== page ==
A few weeks ago I was feeling pretty good about my brassicas and their infiltration (or lack thereof) by the cabbage moth (also known as the cabbage butterfly or pieris rapae) . I’d seen a few flitting around the garden, but hadn’t spotted any landing on my plants, and I thought that my companion planting with onions had done the trick.
Even during the heat wave I didn’t really notice anything wrong, and thought that they were going marvelously, given the temperatures.
That was last week.
This week I got out of my car and wandered past the vegie patch. And wondered what on earth was going on with the horribly decimated plants that were hanging out there.
My first thought was snails (those pesky beasts) but I haven’t really seen many around the garden lately, and it certainly hasn’t been wet enough for them to be out in their droves.
So I got closer. And found the culprit.
My first thought was something along the line of “ewww gross” and my second was “how do I get rid of cabbage moth caterpillars?”.
Turns out someone else in the garden was working on the answer to that question for me.
The elusive ladybug. I never see hide nor hair of them when my roses are covered in aphids, but apparently they are quite happy to dine on cabbage moth eggs.
Google informs me that they predate on cabbage moth eggs, but it doesn’t tell me how effective they are. With that in mind I took to chopping off the leaves which seemed most covered by eggs (but I left some for the ladybugs to dine on. I’m not sure if I’m going to regret that or not).
I also went in search of the caterpillars. They’re simultaneously really tricky and really easy to spot. A cursory glance won’t reveal them, but once you know what you’re looking for they seem to be everywhere! I think I killed (or picked off and threw away) about 30 caterpillars. I’m hoping that when I go out and check on the plants tomorrow there aren’t more of them.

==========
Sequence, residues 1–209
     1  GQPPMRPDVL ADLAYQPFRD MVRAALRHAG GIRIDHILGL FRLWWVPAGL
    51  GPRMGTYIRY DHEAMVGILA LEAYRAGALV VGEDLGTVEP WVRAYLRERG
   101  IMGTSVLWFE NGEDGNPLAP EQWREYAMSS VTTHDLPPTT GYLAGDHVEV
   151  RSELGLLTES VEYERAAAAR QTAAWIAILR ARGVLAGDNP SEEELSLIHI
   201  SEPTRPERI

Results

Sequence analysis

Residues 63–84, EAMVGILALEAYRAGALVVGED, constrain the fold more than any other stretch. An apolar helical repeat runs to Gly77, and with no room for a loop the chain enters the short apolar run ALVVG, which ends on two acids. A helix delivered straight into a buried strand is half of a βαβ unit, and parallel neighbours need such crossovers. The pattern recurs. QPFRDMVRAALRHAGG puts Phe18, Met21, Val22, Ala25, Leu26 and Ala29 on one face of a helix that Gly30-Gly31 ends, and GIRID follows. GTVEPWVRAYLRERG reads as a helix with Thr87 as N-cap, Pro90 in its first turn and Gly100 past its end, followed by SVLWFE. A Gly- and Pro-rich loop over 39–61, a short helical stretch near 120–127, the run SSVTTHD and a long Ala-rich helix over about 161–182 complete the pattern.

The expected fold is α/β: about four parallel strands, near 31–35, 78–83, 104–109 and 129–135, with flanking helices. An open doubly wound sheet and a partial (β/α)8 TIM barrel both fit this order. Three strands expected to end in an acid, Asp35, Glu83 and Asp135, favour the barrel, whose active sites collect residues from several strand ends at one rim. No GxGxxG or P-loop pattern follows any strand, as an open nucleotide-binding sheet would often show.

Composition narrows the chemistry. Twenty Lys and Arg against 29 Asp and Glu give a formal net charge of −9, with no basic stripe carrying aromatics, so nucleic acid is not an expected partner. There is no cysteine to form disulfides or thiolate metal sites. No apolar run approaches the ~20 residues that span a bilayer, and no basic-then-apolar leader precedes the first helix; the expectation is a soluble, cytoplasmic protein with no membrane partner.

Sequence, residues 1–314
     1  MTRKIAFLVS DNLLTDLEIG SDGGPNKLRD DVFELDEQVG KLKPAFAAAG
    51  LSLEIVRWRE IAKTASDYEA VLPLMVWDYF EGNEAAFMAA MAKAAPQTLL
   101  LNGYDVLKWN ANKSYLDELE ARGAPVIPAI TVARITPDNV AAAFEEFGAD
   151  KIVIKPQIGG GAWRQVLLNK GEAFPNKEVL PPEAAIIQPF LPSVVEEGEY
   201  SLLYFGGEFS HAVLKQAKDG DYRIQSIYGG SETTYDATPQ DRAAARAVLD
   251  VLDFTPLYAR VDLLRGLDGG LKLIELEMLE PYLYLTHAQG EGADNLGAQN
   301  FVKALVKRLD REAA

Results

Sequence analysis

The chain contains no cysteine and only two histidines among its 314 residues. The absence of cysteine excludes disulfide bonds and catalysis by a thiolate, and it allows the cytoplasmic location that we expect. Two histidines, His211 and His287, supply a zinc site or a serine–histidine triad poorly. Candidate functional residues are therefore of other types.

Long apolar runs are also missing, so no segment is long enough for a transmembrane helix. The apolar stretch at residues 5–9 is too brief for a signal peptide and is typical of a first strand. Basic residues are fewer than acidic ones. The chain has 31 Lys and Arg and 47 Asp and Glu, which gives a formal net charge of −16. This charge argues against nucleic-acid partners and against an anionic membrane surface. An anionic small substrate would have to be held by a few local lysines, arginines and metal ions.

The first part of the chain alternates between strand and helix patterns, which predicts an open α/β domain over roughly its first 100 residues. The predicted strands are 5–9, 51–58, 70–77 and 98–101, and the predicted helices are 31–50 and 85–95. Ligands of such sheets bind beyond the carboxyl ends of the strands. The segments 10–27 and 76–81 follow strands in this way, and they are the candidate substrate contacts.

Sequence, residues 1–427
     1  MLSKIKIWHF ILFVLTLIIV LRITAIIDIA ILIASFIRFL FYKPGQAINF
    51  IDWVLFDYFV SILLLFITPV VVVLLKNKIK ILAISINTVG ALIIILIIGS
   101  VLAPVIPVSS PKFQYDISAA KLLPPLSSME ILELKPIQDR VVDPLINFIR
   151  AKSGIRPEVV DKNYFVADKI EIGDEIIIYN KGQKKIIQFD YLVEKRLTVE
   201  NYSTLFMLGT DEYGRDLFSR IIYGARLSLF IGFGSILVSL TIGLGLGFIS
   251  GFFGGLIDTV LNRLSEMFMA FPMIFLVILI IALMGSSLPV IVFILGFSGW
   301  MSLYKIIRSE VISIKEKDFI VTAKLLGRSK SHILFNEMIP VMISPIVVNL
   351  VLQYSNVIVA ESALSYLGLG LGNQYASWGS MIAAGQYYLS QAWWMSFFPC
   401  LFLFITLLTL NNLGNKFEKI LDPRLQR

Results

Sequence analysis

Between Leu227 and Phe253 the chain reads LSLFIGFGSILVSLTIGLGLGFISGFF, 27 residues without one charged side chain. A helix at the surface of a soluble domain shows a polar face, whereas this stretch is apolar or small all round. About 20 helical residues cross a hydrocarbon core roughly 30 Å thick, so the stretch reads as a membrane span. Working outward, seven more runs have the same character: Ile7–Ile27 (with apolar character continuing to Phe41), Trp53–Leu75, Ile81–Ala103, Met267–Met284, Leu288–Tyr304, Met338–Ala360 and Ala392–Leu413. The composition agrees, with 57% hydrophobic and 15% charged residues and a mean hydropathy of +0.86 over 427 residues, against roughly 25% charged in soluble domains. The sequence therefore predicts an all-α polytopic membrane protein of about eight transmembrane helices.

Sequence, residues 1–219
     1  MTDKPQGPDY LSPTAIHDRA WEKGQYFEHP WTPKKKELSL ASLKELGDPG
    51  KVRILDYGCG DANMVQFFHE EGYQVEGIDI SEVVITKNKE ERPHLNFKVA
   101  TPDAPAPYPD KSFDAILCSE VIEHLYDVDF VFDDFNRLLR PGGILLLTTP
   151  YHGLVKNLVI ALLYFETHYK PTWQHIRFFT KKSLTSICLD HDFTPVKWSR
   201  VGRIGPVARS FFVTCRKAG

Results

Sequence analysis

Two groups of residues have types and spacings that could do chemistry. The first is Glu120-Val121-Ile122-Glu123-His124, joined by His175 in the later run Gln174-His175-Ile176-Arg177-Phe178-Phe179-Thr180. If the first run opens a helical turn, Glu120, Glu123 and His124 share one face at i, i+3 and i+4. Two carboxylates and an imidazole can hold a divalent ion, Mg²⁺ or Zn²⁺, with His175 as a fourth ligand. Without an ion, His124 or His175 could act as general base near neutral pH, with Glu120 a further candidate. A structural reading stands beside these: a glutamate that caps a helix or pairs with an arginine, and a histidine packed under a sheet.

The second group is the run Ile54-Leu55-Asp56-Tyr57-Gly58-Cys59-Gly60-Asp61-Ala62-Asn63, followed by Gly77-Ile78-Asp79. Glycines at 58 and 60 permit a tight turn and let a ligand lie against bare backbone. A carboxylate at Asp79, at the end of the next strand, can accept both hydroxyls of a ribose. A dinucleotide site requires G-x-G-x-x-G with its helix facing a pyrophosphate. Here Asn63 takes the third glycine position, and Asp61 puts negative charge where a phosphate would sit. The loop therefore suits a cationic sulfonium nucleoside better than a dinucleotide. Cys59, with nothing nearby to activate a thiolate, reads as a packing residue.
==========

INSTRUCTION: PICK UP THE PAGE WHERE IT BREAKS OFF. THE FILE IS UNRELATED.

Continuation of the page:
Once eggs and caterpillars have struck there’s a limited number of things you can do: you can try removing the eggs/caterpillars by hand and destroying them, encouraging natural predators (such as birds and ladybugs), spraying with a sour milk or garlic solution or spraying with a commercial spray that contains Bacillus thuringiensis (BT). This is supposed to target only caterpillars, and be safe for other insects (like bees and ladybugs).
Alternatively you can try preventing the moths from landing and laying in the first place. There’s a few ways to do this: catch and destroy any cabbage moths in the garden, establishing an insect-proof netting around plants (though this may also stop beneficial insects), spacing out plantings to make it harder for the cabbage moth to identify and land on the brassicas. Some people also plant ‘sacrificial’ plants, like nasturtiums, which also attract the cabbage moth. They let them land on/lay on this plant in order to keep them off their brassicas.
On the plus side I’m not planning on eating the brassica leaves so it’s not as though the plants are doomed, but I suspect they might need a fair few number of leaves for that whole photosynthesis thing…
Have you been affected by the cabbage moth? How do you deal with it?